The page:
Anyway, I’m awake now.  Good afternoon.


First Installment Coming Soon!

I’m getting really close to having the first installment polished and ready for delivery.  I’m also working on a blurb for the virtual book jacket, which will live in the column on the right where the About The Author bit currently resides.  You can judge a book by its cover – people do it every day – and the jacket blurb is one of the best marketing tools that a publisher has.  When you’re browsing through a bookstore, it usually goes like this:

  • See eye-catching cover with intriguing title
  • Pick up the book and read the blurb
  • Make a decision to buy or keep moving

And all of that takes place in the span of about fifteen to twenty seconds, so that blurb is way more important than most folks think.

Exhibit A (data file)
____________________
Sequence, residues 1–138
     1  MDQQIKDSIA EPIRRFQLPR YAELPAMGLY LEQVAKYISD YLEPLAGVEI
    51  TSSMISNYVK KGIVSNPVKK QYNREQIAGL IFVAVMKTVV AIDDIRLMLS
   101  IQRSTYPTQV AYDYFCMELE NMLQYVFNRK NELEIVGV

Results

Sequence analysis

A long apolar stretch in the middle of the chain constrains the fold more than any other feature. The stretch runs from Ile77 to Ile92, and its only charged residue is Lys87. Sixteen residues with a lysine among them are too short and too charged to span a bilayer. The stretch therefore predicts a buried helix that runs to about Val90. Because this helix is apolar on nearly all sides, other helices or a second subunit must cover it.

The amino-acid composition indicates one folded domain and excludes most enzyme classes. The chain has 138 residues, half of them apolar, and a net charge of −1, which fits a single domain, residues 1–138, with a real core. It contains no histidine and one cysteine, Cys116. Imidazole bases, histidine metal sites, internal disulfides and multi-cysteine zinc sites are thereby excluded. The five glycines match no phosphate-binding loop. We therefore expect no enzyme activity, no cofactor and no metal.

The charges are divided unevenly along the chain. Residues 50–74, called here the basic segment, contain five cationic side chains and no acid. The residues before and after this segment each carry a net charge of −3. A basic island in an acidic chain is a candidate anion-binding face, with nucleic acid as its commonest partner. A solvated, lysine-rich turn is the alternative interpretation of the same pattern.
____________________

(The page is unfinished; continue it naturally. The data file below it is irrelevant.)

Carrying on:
Another marketing tool a publisher has is the excerpt.  In the bookstore example, if you get to Step 3 and still need more info, you just crack the book randomly and read a page or two.  Awfully random and unpredictable.  The luxury I have is that I can choose something specific for you to read.  The downside is that if this chunk doesn’t float your boat, where does that leave me?  A conundrum, to be sure, but we’re not here to tip-toe through life.  As my wife and I constantly remind each other, you’ve got to go big or go home.  Since I’m already home, I’m going big, regardless of the fact that I feel like I’m about to birth a litter of kittens.

Without further ado, please enjoy this excerpt from Speck Martin.